By Haddon Libby

With the high temperature recorded last weekend in the Coachella Valley, you might be interested to know that we have a ways to go to reach the highest temperature ever recorded on Earth.  That happened on September 13, 2012 in Libya when it reached 136 degrees.

As we reach our highest temperatures of the year, school is back in session.  Here in California, approximately 6.7 million students between the ages of 5 and 17 or 17.6% of our state’s population will go back to school over the next few weeks.  All but 460,000 of these students will use the public school system.

The first public school was founded in 1635 in Boston.  It wasn’t until 1870 that all states had free elementary schools making the United States the most literate society in the world.  Currently, the United States is the 15th most literate country in the world.


The first public high school was founded in Boston in 1820.  In 1851, Massachusetts was the first state to make education compulsory in order to help immigrants become “civilized”.

If you ask high schoolers, most would say that school would be more civilized with a later start time.  The American Academy of Pediatrics (AAP) agrees and has recommended that high school start no earlier than 8:30am.  The later start time is needed because biological rhythms shift during puberty causing adolescents to go to sleep later at night and therefore need to sleep later in the morning.  The AAP found that the failure of high schoolers to get enough sleep leads to numerous problems such as obesity, depression, poorer grades and other aberrant behaviors.  The best thing that parents can do to try to combat the sleep deprivation problem experienced by most high schoolers is to limit access to smartphones, computers and television at night so as to help their children get eight hours of sleep every night.

Eighty percent of California high schoolers can be expected to graduate within four years.  This is an all-time high.  The highest graduation rates are amongst those identifying as Asian (92.3%), Filipino (92.1%) and Caucasian (87.4%).  The lowest graduation rates are in the Black (68.1%), Native American (70.1%) and Hispanic (76.4%) communities.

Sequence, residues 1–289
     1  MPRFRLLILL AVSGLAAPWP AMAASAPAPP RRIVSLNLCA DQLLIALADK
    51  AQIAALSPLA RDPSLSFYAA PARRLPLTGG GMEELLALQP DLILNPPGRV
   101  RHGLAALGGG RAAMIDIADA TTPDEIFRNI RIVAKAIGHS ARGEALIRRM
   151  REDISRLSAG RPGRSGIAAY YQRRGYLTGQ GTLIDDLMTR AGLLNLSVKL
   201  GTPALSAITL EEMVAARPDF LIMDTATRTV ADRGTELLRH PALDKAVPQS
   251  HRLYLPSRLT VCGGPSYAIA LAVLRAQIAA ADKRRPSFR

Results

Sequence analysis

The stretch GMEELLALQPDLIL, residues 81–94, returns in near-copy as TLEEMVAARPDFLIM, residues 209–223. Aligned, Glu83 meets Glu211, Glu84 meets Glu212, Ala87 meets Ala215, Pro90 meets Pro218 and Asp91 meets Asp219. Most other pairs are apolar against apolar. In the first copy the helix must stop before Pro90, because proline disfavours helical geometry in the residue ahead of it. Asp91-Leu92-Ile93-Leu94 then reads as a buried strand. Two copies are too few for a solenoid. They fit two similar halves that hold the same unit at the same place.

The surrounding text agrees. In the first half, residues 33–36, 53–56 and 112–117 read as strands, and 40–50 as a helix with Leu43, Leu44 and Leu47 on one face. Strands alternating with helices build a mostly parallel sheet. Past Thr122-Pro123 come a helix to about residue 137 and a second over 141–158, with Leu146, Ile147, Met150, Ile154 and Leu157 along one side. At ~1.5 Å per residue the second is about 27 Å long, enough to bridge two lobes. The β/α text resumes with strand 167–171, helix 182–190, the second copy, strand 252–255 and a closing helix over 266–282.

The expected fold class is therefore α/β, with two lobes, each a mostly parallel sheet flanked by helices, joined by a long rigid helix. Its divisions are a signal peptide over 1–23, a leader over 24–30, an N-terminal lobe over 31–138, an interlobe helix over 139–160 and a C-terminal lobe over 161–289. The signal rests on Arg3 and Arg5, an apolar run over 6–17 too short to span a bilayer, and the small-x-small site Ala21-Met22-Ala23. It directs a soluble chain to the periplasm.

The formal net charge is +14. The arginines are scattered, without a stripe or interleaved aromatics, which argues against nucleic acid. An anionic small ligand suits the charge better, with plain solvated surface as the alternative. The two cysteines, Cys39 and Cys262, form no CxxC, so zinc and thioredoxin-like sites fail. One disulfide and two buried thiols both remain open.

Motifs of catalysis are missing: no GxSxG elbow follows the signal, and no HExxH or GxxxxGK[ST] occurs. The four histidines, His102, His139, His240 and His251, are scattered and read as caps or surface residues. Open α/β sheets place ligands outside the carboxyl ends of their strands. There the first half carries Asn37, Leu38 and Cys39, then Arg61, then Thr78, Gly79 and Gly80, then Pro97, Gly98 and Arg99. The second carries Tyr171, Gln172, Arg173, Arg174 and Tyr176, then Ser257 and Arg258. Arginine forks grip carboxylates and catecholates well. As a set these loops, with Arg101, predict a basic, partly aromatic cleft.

California ranks as the 27th best school system in terms of student scores on standardized testing versus the rest of the country.  Massachusetts is ranked #1.  The highest rated public high school in the Coachella Valley was Palm Desert High School where three in ten students graduate ready for college – 20% higher than the national average.

Only 30 years ago, the United States had the highest rankings in the world for the quality and quantity of high school graduates.  The United States currently ranks 36th in the world.   More specifically, the U.S. ranks 24th in math, 21st in science, 15th in literacy and 12th in college degrees for adults between 25-34 years of age.

This school year, there will be 7,000 high school dropouts every day and equates to 1.2 million people a year.  If these same young adults completed high school, they would have earned an additional $260,000 over the course of their lifetimes.  According to the National Center for Education, the average high school dropout earns $360 a week.  Those with high school as their highest degree earn $537/week, college grads $985/week and those with advanced degrees like MBAs or Ph.Ds earn $1,435/week.

U.S. manufacturers were recently polled and stated that 40% of all 17 year-olds have the math skills and 60% of the reading skills necessary to hold down a job.

When we consider our slipping global rankings and the fact that the majority of high school graduates do not have the skills required for manufacturing or college, we have to ask ourselves if there is a better way to educate our youth and prepare them and our country for tomorrow.

Haddon Libby is Managing Partner of Winslow Drake, an investment management and advisory firm, and can be reached at